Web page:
Are your kids ready for a change in their sensory bin?
You should make a fun pirate sensory bin. This sensory bin can spark the imagination of your kids and have them digging for buried treasure all afternoon.
This is also a great activity for Talk Like a Pirate Day on September 19th or a pirate-themed birthday party.
This post contains affiliate links. If you make a purchase after clicking one of my links I may earn a commission at no additional cost to you.
Not only is it a great way to occupy some of their time but sensory bins also work on fine motor skills, object permanence, and working memory.
I’ll give you the instructions on how to put together the Pirate Sensory Bin and some pirate day activities for your toddlers and preschoolers.
This sensory bin is so easy to put together. Here’s what we used or you can feel free to improvise with your own items.
- 8-quart dishpan (you can get one here)
- Colored rice (check my Rainbow Rice post for tips on coloring rice)
- Pirate Action Figures and Playsets (here is where I got mine)
- Pirate coins & gems
- Spoons or Scoops (these are my favorite scoops)
How to Make a Pirate Sensory Bin
1 – Start by taking your dishpan or tub and add your colored rice to it. You want your colored rice to be about half of the depth of the pan. If you don’t want to use rice kinetic sand is another great choice.
Rice will spill out more often if the pan is overfilled. Half the depth of the pan is sufficient to bury pirate treasure and dig it up without constantly spilling.
We used two colors in ours to make land and water but you can use just one color if you prefer.
2 – Once your colored rice is added in there you can set up the toys in an inviting way. Pirates, coins, jewels, and treasure boxes are the ideal thing to get your kids digging around.
You can even hide one special item for them to find. Or turn it into a scavenger hunt by giving them a list of items to find.
3 – Add the scoops, spoons, and small bowls or boxes to transfer and pour the rice and toys back and forth. This is great for improving hand-eye coordination and fine motor skills.
A sensory bin is a great opportunity for free play for young kids, but not all will initiate free play.
Here are a few pirate activities for toddlers and preschoolers to get them playing with the sensory bin.
Take Turns Burying Treasure
Tap into your inner pirate by playing buried treasure. The adult should take the first turn burying the treasure.
Either have your toddler or preschooler close their eyes or go in another room and take some jewels or doubloons and bury them.
You can either bury them all in one spot or just push them down in the colored rice all over.
If you bury it in one big cache, you guide your preschooler or even toddler through digging out the treasure using directional cues like a little left, now a little further ahead, closer to me, a little right.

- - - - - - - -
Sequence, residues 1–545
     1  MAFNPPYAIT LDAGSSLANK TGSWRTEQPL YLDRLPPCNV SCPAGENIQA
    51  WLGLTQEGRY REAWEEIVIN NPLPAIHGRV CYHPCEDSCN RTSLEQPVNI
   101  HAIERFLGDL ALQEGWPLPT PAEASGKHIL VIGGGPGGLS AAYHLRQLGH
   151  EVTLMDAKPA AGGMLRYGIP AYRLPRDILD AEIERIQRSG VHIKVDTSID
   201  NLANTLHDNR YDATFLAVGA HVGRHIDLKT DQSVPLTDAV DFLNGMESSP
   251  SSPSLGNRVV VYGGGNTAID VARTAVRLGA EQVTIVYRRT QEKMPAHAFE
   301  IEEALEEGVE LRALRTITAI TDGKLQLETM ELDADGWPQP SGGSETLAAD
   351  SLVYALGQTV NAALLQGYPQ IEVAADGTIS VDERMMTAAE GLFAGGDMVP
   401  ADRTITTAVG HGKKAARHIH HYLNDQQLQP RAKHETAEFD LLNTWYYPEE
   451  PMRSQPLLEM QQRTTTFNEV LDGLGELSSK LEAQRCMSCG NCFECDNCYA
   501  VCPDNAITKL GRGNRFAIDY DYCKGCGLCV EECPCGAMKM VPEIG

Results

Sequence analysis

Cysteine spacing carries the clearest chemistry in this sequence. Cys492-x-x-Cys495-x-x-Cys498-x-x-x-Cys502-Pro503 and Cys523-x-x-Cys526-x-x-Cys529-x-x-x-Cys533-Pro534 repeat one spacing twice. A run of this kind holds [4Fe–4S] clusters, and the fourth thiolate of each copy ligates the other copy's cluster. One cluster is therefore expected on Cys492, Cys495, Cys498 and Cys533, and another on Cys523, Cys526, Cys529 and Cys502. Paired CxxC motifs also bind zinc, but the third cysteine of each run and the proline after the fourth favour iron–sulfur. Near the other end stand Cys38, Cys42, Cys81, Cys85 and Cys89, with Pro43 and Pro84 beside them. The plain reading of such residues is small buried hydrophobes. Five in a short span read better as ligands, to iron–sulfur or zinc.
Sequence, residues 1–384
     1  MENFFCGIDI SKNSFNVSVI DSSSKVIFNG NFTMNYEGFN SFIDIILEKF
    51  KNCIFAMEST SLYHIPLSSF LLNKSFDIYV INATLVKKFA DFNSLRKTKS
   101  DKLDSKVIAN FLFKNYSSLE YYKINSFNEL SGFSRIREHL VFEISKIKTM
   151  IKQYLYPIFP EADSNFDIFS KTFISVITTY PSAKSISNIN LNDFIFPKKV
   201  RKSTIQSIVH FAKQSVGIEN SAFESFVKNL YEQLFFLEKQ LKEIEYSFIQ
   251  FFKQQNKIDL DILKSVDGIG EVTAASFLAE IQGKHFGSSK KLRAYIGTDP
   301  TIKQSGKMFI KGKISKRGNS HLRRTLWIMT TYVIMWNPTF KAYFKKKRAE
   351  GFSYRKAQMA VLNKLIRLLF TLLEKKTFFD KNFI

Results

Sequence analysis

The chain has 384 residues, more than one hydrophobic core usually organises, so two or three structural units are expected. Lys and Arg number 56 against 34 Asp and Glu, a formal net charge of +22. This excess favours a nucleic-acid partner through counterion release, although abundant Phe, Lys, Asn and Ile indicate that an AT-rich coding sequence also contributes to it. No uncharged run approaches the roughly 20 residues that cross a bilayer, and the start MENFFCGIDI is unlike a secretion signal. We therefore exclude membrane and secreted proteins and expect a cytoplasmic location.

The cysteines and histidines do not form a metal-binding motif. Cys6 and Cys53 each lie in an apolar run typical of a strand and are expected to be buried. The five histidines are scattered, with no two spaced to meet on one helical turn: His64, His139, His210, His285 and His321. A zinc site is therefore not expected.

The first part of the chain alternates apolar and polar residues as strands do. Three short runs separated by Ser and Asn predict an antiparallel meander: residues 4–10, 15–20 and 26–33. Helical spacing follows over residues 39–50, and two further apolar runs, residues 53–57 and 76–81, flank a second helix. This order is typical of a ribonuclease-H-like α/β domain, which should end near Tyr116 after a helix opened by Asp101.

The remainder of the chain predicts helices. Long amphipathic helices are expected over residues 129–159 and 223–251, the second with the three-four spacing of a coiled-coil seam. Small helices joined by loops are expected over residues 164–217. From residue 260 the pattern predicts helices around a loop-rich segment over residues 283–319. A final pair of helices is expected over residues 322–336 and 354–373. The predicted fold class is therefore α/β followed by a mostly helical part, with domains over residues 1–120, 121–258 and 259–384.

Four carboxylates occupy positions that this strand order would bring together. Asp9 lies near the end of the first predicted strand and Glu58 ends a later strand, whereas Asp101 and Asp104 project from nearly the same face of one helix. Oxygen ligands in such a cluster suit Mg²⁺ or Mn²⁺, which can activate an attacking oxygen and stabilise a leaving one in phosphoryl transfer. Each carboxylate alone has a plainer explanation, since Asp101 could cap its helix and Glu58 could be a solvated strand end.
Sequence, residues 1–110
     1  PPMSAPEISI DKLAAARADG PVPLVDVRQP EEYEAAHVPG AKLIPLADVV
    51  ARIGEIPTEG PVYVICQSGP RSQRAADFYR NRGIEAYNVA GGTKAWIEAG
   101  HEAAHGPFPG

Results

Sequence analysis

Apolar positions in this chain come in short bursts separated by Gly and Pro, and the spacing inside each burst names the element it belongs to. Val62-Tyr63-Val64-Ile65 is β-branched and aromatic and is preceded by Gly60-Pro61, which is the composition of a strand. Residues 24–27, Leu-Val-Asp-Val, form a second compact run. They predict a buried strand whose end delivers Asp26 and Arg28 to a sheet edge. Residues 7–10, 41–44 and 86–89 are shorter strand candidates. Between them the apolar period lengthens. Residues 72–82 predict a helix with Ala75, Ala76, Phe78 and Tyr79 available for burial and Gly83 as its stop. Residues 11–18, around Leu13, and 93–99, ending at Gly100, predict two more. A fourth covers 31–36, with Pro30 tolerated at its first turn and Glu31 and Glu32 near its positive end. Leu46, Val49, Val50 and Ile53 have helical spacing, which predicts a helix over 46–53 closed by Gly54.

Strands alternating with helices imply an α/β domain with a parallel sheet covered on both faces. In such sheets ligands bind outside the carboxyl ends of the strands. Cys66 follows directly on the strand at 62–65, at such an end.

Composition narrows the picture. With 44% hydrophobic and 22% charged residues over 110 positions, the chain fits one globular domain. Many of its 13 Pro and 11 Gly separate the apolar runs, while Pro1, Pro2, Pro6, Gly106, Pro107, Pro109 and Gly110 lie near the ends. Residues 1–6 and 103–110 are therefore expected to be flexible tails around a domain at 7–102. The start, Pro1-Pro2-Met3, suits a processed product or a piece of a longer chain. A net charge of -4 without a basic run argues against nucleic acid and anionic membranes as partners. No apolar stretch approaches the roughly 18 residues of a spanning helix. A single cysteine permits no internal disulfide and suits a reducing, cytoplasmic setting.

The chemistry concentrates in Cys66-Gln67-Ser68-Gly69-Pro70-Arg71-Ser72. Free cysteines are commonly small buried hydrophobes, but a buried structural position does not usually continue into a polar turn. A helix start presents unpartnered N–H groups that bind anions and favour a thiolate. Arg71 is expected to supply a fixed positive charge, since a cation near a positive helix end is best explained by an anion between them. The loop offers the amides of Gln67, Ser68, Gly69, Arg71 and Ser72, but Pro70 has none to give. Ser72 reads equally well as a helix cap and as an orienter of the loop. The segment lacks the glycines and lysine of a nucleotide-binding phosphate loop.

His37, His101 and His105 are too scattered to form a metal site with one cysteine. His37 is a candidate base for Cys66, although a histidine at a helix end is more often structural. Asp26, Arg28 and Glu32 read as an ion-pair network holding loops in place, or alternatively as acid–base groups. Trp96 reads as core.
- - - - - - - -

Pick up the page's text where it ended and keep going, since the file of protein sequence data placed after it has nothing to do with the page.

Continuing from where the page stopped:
Once they dig up all the treasure it’s your turn to dig up some treasure. Hide your eyes and have them bury the treasure.
Counting Your Treasure
Any time I can sneak in some counting with my toddlers or preschoolers, I do. And what could be more fun than counting up your treasure.
You can take this a step further by comparing two treasures. You could count two sets of coins to see which is bigger or which is smaller. You could compare jewels to coins, which one do you have more of?
You can also count the number of scoops of rice it took to unbury the treasure. Another option is counting paces to the treasure. In many pirate stories, treasure maps are marked by how many steps it is to a treasure. So you can let your child walk their pirate to where the treasure is buried by counting the steps.
Small World Play with Pirates
Remember playing with dolls or action figures all the time as a child? Remember setting up elaborate worlds for them to interact with?
That is small world play. It’s an important part of your child’s early development.
Small world play helps children develop reasoning, problem-solving, developing social skills, and emotional development.
This pirate sensory bin is a great way to set up some small world play with your toddler or preschooler.
Using the pirates to talk to each other encourages interpersonal social skills, learning to take turns, and learning to have contextual conversations.
Also in small world play with your pirate sensory bin, they can act out scenes and ideas encouraging their imagination.
More Fun for Talk like a Pirate Day
Another activity that you can do while playing with the pirate sensory bin is to talk like a pirate!
Talking like a pirate can be so fun and it’s a good vocabulary building experience.
While pirate words probably won’t come up in day-to-day conversation, playing with new pirate vocabulary can help your child practice sound blends that don’t come up as frequently in everyday speech.
You can use the following pirate words with your little pirates when playing:
- Avast ye: Pay attention
- Hornswoggle: To Cheat
- Shiver me timbers: used to show disbelief
- Landlubber: someone who isn’t used to being at sea
- Ahoy: Hello
- Matey: Friend
- Booty: Treasure
- Doubloons: the gold coins
- Buccaneer: a Pirate
- Heave Ho: telling someone to put more strength and effort out
- Scallywag: an insult
- Thar she blows: what you say when you see a whale
- Yo Ho Ho: a kind of cheer
Share these new words with your preschooler or toddler to make playing with your pirate sensory bin even more fun. You are likely to have them laughing so hard. And all the while they are working on letter blends like sw and rn and ar words.
Sensory bins are great fun for young children. This Pirate Sensory Bin will take your children on a swashbuckling adventure.
Follow us on Pinterest for more great crafts & activities for 2-5 year olds.